The Developmental Reading Assessment is a criterion-referenced assessment, meaning that it compares a student’s performance to a set of established standards, rather than to the performance of other examinees. Loosely based on the Informal Reading Inventory, the test uses a series of books at increasingly difficult reading levels to check kindergarten through eighth-grade students’ knowledge of phonics concepts, reading accuracy, and fluency and comprehension on Levels A-80. Teachers administer the exam at the beginning of the year to establish a benchmark, or starting level. After that, some schools administer the test during each grading period, while others use it only at the end of the academic year. Each school or district sets the specific grade level expectations, but parents can use a rule of thumb to interpret the scores.
Establish your child’s benchmark score by consulting with the classroom teacher who administered the test.
Review the grade-level standards specific to your child’s school or use the general scale for each grade level. Kindergarten teachers usually expect their students to master levels A-4, first-graders to test at levels 6-18, second-graders at 18-28, third-graders at 20-28, and fourth- and fifth-graders at 40-50.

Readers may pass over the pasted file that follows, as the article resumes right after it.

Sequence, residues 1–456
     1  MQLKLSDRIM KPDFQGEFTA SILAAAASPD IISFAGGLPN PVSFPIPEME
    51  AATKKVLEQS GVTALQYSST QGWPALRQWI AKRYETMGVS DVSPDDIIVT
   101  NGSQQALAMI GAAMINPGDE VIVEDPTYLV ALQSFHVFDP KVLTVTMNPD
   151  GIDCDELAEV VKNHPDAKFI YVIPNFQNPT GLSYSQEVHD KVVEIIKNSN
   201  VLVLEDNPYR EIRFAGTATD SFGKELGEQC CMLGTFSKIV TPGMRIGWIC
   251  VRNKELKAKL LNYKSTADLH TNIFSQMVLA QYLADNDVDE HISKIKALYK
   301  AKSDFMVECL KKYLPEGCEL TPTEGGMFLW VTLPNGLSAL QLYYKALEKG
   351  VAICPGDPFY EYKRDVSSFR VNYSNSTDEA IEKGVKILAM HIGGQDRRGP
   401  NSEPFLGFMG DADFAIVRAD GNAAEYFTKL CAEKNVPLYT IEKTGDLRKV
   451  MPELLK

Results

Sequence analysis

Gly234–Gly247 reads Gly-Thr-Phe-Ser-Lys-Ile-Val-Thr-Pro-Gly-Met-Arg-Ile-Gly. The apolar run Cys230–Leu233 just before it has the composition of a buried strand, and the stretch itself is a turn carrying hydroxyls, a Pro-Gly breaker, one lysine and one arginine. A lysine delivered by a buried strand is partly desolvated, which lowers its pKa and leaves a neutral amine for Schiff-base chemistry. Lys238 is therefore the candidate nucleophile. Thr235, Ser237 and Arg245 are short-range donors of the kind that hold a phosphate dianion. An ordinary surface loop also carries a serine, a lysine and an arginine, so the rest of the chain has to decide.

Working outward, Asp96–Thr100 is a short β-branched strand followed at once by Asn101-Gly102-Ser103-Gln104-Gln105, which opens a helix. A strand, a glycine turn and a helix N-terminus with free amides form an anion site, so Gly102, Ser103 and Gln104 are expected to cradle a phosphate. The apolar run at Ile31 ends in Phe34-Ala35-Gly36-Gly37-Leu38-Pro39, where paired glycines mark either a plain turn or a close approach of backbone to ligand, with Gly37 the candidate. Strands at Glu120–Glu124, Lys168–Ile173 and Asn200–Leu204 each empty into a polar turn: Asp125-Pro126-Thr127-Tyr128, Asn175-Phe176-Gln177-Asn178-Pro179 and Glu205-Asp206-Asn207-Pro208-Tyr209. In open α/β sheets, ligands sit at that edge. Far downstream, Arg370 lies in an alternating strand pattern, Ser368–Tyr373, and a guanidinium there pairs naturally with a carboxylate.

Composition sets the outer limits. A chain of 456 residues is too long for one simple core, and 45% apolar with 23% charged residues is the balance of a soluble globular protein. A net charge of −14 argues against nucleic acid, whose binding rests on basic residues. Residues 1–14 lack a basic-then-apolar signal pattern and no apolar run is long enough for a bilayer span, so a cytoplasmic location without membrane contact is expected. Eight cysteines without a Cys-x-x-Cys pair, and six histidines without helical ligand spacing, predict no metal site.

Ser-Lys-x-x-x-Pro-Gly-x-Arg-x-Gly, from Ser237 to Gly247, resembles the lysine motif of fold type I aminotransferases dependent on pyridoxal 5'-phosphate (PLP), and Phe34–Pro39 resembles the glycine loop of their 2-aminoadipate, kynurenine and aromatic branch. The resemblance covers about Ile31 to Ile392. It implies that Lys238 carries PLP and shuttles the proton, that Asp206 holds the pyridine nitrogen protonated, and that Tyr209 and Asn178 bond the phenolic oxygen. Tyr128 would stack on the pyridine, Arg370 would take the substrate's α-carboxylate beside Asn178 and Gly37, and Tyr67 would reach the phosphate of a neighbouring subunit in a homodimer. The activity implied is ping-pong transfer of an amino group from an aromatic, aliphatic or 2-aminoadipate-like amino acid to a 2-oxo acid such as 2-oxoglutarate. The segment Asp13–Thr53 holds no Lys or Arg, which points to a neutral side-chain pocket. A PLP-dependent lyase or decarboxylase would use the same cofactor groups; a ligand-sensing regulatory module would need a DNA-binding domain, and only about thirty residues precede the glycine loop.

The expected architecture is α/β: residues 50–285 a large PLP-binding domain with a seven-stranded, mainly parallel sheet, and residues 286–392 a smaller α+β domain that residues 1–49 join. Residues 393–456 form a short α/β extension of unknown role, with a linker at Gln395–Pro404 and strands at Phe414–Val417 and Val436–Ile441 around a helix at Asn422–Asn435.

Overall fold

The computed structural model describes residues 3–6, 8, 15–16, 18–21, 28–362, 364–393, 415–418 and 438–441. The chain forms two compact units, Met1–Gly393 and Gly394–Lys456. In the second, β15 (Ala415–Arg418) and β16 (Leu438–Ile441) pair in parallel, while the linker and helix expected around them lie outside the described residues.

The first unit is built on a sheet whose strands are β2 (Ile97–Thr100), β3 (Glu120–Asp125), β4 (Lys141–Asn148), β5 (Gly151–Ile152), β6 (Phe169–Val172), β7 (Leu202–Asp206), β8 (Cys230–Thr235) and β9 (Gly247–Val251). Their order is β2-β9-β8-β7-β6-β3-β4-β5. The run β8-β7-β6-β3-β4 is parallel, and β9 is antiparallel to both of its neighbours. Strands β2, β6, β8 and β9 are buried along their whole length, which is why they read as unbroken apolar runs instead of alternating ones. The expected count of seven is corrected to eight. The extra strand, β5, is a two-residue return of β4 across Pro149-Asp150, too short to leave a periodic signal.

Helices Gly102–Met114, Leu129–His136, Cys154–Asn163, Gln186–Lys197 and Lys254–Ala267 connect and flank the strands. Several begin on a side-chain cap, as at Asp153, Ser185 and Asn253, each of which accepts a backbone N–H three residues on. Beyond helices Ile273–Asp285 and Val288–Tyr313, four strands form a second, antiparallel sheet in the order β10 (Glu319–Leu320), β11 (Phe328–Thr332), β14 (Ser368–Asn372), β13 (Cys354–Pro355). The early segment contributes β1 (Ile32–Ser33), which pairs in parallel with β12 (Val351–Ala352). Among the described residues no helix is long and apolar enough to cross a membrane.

Divide the score range by the number of testing periods to get a rough estimate of where your child should score at different points during the school year. For example, if your child is in the first grade and takes the test four times during the year, subtract 6 from 18 and divide that result, 12, by 4 to obtain 3. For an on-level rating, she should need a score of 6 to 9 on the initial test, 10 to 12 on the second, 13-15 on the third and 16 or higher on the last.
Pamela Martin has been writing since 1979. She has written newsletter articles and curricula-related materials. She also writes about teaching and crafts. Martin was an American Society of Newspaper Editors High School Journalism Fellow. She holds a Bachelor of Arts in Teaching in elementary education from Sam Houston State University and a Master of Arts in curriculum/instruction from the University of Missouri.